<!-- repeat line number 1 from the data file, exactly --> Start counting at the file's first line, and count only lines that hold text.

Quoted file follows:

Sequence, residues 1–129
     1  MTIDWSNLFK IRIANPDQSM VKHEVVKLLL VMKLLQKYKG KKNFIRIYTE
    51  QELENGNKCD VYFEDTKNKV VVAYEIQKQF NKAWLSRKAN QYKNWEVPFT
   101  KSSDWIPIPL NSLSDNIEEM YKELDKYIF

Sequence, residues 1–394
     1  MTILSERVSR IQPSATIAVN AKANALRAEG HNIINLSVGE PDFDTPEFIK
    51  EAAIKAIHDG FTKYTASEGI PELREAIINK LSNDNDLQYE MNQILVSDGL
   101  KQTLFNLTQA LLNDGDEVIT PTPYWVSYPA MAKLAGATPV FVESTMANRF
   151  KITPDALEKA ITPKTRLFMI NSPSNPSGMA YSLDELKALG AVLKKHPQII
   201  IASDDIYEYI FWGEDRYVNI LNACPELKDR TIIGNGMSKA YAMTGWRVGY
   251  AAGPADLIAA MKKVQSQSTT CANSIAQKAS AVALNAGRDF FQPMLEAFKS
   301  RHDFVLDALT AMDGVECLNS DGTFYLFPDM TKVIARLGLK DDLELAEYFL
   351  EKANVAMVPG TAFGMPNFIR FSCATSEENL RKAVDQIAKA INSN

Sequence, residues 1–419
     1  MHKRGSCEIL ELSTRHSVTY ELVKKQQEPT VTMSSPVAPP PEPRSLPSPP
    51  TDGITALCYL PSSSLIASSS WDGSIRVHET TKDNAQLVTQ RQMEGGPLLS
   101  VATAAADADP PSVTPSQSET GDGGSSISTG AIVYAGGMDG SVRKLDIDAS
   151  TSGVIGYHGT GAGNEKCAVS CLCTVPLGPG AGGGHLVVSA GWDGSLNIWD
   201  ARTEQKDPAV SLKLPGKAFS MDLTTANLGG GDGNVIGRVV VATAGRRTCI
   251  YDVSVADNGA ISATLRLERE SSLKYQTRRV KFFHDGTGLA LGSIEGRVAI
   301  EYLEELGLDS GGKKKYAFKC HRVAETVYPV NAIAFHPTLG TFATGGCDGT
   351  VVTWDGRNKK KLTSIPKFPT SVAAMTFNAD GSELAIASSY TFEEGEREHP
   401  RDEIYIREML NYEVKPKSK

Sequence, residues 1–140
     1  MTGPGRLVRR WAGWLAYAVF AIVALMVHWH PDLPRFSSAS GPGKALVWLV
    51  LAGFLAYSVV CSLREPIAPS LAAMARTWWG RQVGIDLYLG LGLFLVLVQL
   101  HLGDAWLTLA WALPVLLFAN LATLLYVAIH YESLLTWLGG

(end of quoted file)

Sequence, residues 1–129